Tabloid news - where kids and teachers don't measure up, and all the jails are full





One in every five boys found to be shorter than his friends.
Growth experts to be consulted.


Here's a scary statistic - or, at least, a statistic that's meant to scare you:

One in four Canadian children who enter Grade 1 is significantly behind his or her peers and poorly prepared to learn. This statistic demonstrates the need to improve support for early learning.

Want to know something even scarier? Roughly one out of two children aged 6 to 7 - that is, a full half - fall below the median performance for their peer group.

If you look at a variety of performance indicators for younger children - say, kids ages 3 to 5 - you will find that, in general, 25% score among the lowest quarter of performers!

Yet more alarming, about one out of every three PhD holders lags behind two-thirds of their peers in their ability to understand mathematics, statistics, and the normal variation in learning and development of children under age eight.


In other news, apparently one out of every thirty-seven Americans is in jail!



I know, I know. But read this:

This [national literacy] study was a five-year, $14 million study involving lengthy interviews of 26,049 U.S. adults statistically balanced for age, gender, ethnicity, and location (urban, suburban, and rural from twelve states across the U.S. and 1,100 inmates from 80 prisons) to represent the entire U.S. population.
That's 37 thousand Americans, randomly selected, of whom one thousand were in prison. That's, what... almost 3% of the population locked up? Maybe 8 million people? If this is true, they've got bigger problems than low reading test scores.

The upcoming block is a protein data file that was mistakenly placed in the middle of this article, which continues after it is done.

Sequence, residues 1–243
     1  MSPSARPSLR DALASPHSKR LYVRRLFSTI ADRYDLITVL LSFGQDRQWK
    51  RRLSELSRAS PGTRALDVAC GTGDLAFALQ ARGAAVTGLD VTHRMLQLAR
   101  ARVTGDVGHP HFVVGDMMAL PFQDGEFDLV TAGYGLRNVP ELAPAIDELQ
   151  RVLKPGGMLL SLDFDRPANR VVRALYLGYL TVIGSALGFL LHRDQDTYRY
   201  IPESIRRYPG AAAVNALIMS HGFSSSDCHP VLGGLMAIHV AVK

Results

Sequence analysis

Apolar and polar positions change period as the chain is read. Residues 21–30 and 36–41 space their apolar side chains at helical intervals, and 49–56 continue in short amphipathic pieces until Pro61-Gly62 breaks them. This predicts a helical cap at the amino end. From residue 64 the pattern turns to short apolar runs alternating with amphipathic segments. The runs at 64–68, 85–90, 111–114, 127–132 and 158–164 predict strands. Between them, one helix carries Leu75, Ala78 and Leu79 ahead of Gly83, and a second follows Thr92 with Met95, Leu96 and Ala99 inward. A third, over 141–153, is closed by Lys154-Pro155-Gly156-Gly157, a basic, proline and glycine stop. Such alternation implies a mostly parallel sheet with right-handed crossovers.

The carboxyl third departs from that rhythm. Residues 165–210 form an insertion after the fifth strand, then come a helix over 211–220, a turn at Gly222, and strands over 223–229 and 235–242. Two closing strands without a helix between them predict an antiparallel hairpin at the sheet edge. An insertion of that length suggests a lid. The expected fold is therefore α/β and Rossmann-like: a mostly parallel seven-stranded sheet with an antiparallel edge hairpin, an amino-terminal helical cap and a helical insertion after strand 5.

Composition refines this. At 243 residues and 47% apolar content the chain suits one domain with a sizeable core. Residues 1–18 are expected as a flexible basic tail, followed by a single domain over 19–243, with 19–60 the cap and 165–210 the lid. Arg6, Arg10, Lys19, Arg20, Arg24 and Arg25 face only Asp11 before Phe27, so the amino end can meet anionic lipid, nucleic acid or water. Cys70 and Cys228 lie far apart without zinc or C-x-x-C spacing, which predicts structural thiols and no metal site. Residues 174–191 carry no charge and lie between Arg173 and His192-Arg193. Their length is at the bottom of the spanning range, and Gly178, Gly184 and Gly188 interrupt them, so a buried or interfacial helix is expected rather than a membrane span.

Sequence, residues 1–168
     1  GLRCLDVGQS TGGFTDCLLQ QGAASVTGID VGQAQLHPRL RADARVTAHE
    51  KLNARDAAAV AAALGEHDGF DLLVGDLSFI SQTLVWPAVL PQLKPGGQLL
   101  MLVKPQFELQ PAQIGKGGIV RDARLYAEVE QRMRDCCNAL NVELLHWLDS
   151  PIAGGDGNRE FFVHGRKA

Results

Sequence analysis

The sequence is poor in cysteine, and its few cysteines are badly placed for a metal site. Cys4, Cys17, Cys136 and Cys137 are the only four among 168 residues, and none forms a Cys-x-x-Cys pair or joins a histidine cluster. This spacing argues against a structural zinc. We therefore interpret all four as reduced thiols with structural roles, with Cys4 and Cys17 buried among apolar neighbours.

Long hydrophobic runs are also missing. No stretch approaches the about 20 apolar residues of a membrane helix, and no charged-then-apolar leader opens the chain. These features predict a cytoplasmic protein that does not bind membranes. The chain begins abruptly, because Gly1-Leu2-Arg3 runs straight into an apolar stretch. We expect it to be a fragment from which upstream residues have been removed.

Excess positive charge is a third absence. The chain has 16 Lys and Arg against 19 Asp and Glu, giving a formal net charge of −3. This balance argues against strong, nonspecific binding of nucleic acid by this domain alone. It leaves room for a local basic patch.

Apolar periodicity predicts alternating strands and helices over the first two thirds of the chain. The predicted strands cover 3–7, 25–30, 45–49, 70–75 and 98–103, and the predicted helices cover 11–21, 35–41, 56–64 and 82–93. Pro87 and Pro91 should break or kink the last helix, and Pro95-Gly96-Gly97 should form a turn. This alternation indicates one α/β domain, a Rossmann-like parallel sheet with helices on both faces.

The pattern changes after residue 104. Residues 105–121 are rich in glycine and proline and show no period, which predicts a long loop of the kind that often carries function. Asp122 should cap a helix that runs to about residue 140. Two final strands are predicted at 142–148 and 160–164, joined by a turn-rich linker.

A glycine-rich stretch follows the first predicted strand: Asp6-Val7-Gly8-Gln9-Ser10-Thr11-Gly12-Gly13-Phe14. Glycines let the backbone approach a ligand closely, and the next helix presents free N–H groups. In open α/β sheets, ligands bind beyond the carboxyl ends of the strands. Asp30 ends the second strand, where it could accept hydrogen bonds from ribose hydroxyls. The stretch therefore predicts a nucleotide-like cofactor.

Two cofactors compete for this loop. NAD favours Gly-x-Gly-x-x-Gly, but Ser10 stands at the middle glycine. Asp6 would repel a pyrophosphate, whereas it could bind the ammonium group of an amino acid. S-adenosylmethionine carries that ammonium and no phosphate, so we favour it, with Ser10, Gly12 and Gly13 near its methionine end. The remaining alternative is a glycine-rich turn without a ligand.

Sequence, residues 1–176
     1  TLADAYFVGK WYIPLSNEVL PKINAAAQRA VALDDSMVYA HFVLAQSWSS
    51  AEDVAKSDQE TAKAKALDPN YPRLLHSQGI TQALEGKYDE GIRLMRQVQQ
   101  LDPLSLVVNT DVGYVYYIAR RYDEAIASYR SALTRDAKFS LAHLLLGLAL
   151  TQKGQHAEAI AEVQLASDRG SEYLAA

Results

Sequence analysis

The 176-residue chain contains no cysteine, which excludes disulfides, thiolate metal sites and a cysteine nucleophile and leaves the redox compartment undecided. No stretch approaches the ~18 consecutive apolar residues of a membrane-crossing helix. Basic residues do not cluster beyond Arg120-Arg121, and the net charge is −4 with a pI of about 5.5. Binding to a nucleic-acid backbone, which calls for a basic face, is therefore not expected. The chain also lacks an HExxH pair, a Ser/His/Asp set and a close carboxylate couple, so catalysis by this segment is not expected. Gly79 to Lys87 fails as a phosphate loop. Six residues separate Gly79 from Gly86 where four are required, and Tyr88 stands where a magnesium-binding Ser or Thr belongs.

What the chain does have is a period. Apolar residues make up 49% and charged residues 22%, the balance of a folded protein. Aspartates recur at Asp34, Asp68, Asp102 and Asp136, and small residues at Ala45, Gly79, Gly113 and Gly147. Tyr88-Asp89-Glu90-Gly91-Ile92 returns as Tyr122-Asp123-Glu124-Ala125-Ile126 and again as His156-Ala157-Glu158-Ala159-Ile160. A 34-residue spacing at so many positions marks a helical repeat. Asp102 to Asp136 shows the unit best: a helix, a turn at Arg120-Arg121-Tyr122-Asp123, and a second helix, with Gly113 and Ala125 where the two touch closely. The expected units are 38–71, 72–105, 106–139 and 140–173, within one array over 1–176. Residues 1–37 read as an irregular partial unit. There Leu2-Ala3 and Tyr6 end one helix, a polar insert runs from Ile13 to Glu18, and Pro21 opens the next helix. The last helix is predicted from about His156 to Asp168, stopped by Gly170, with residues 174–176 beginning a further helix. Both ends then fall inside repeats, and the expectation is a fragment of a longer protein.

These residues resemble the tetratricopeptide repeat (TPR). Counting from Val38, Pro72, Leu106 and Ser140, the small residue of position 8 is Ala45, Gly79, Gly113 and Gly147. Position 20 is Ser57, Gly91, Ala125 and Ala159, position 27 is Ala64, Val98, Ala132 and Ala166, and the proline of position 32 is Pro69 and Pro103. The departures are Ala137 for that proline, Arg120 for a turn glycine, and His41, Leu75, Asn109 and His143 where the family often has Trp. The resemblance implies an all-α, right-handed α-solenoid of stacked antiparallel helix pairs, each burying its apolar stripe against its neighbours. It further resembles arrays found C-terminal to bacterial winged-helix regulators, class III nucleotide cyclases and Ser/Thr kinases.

Of course, it's not true. And, it's worth pointing out that this same blog post offers a "Simple, Logical Solution" to low literacy in the U.S. They say - and, by the way, "Several distinguished scholars have thoroughly debunked all reasonable objections to this solution" - they say we can solve our problem by respelling all of English according to a new system called, wait for it... NuEnglish.

Why nuenglish and not nuinglish?

And how many scholars are several?



Ok. One more ridiculous story.

New Teachers ‘Lack Basic Skills’
Scottish newly qualified teachers lack basic skills, according to a leaked report

Ah, but that headline's not true - not according to the actual text of the story. The leaked report says some older teachers and heads (principals) think some beginning teachers aren't very good at teaching "the basics of reading” and don't have good "spoken grammar skills." The story doesn't say whether the older teachers also think their younger colleagues dress inappropriately, show poor taste in friends and eat their food too quickly, but we can guess.

Well... this news report is from the Express in the U.K. For those who don't know, the Express is a tabloid. It's just a cut above supermarket fare like The Globe, The National Enquirer or Star. Like them, it sells sensationalism and gossip, exaggerations and scandals (though only of a right-wing flavour). Consequently, the headline doesn't much surprise me.

What did surprise me was finding a link to the Express story under the headline "Study finds new teachers in Scotland lack basic literacy skills" (italics added) in NALD's weekly update for August 9, 2010.

Notice the insertion of the term "literacy" into the Express headline, and the loss of the qualifying quotation marks. Does that mean NALD is also becoming a tabloid?

Gosh, I hope not. I hope they're better than that.

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